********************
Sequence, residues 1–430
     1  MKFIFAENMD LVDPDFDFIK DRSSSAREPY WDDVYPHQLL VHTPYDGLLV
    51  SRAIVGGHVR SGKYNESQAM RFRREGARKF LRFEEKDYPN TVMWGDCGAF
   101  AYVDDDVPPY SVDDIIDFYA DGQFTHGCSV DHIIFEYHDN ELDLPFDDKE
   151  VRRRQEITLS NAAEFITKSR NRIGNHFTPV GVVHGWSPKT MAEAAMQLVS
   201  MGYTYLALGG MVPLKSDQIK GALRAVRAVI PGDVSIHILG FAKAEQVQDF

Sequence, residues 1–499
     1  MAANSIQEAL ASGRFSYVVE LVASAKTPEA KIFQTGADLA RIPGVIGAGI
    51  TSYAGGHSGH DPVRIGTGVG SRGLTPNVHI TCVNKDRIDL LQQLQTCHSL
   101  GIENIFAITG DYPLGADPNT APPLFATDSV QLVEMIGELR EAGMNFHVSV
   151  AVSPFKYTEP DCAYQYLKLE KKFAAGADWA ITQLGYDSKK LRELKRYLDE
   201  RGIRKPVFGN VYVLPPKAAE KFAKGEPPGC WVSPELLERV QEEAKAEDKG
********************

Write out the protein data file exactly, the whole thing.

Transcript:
Sequence, residues 1–430
     1  MKFIFAENMD LVDPDFDFIK DRSSSAREPY WDDVYPHQLL VHTPYDGLLV
    51  SRAIVGGHVR SGKYNESQAM RFRREGARKF LRFEEKDYPN TVMWGDCGAF
   101  AYVDDDVPPY SVDDIIDFYA DGQFTHGCSV DHIIFEYHDN ELDLPFDDKE
   151  VRRRQEITLS NAAEFITKSR NRIGNHFTPV GVVHGWSPKT MAEAAMQLVS
   201  MGYTYLALGG MVPLKSDQIK GALRAVRAVI PGDVSIHILG FAKAEQVQDF

Sequence, residues 1–499
     1  MAANSIQEAL ASGRFSYVVE LVASAKTPEA KIFQTGADLA RIPGVIGAGI
    51  TSYAGGHSGH DPVRIGTGVG SRGLTPNVHI TCVNKDRIDL LQQLQTCHSL
   101  GIENIFAITG DYPLGADPNT APPLFATDSV QLVEMIGELR EAGMNFHVSV
   151  AVSPFKYTEP DCAYQYLKLE KKFAAGADWA ITQLGYDSKK LRELKRYLDE
   201  RGIRKPVFGN VYVLPPKAAE KFAKGEPPGC WVSPELLERV QEEAKAEDKG